The two-knob Keeley Compressor offers fantastic sound quality in a compact, straightforward package. It’s a hand-built legend of stompbox compressors, but it isn’t perfect. The main issue is that two of the controls – “Attack” and “Clipping” – were hidden away within the body of the unit, meaning that while they could be adjusted, it wasn’t exactly ideal for controlling a wide range of parameters. Although the simpler version gets the basic job done, for players with more than one guitar it could only really be sonically optimized for one of them – unless you opened it up the box to adjust the internal “Clipping” control – and you pretty much had to choose an “Attack” setting you like and stick with it until you did the same. So does the 4 Knob Keeley Compressor win out, or are you better off trying to pick up the bare-bones two-knob version for a little cheaper?
The Electro-Harmonix Black Finger Tube Compressor sells itself as providing the warm compression you get with the most widely-loved vintage compressors in guitar history. It has two tubes – one for compression and the other for pre-amp gain – are powered by a sizable 300 V, promising the fatness of tone you get with classic compressors. It’s also an optical compressor, which means it uses a light source to control the attenuator (the volume controller that underpins the function of a compressor), and in this case you can choose between an LED and lamp source, enabling more variety in attack and decay speeds. Sounds good, but does the Black Finger work well in practice?
When your pedalboard real estate is limited, adding a reverb pedal might seem like the last thing you want to do. After all, it’s just a replication of something the room will do for you anyway, right? Well, reverbs can serve more like effects too, and sometimes rooms just suck. Here are five ways to get the most out of a reverb pedal…
The Boss DD-3 Digital Delay has been often referred to as a pearl, and not only because of its color. It is pure magic, and quickly became an essential component on my pedalboard. It is an amazingly guitarist-friendly delay box: easy to use, very sturdy, with a well designed footswitch typical of all Boss pedals. Apart from the favorable physical features, this classic pedal provides the awesome sounding digital delay. If you want a clear and crisp sound with precise repeats, the DD-3 is the right choice. Because of the short battery life, however, you should use an AC adapter for a longer performance.
The EHX Double Muff is an easy-to-use overdrive/fuzz pedal that gives you two classic ’69 plug-in Muff Fuzz effects in one box. For controls, it has two knobs marked as Muff 1 and Muff 2, a fingerswitch to toggle between the single and double modes, and a footswitch. In single mode, the Muff 1 knob controls both volume and overdrive. In double mode, the Muff 2 knob has a leading role while the Muff 1 knob controls the volume. It features true bypass and has a sturdy metal housing, making it great to take on the road.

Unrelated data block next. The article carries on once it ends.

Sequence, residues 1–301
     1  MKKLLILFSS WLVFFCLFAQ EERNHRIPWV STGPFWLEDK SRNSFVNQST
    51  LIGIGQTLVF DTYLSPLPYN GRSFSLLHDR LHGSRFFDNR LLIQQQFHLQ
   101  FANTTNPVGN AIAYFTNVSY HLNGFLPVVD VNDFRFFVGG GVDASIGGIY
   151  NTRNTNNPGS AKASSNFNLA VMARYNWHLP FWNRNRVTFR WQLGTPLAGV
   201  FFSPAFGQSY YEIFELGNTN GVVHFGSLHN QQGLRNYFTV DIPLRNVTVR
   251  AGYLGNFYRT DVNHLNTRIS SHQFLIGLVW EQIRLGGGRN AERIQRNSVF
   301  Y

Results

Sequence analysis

The Boss DS-2 Turbo Distortion pedal is so user-friendly that you don’t even need the manual. It contains three main controls: Level, Tone, and Distortion, and an additional “Turbo” knob that functions as a switch between Turbo Mode I and Turbo Mode II. The pedal features twin Turbo modes, which means that you practically get two distortion sounds in a single box. Turbo Mode I produces light and mellow, but powerful distortion because of the turbo circuit. Even when the sound is extremely distorted, the distortion circuits prevent the emission of a high-pitched sound. Turbo Mode II produces an explosive sound and, besides riffs, is great for solos. The possibility to switch between a turbo and normal mode by connecting the Boss FS-5L footswitch to the Remote Jack is really useful for this pedal.
Have you ever wondered while, for example, listening to Love by The Smashing Pumpkins how to achieve the effect that the song starts with? The answer may lie in a lemon yellow stompbox by the name Ibanez FL9 Flanger. However, have in mind that this is not a plug-n-play type of a pedal, so do not expect to achieve this effect overnight. To discover this flanger’s full potential, arm yourself with patience, be ready to experiment and do some twiddling, and it will surely become one of your favorite effects.
The reissued version of the original Guv’nor overdrive effects pedal, the Marshall GV-2 Guv’nor Plus, is a versatile distortion stompbox whose captivating design will immediately attract you. One cannot remain indifferent to the retro beauty of its shiny sturdy metal housing. There are golden control knobs for gain, deep, bass, mid, treble, and volume. It is very user-friendly and it requires no effort to press on/off switch. The Guv’nor Plus employs a passive bypass switching circuit. In the beginning I used a power supply but soon after switched to a battery. A long battery life is what makes the pedal highly reliable at concerts. It is powered by 9-volt battery or 9VDC power adapter. With the chassis hard as a rock, the pedal has a high level of stage survivability, which is another feature that adds to its reliability.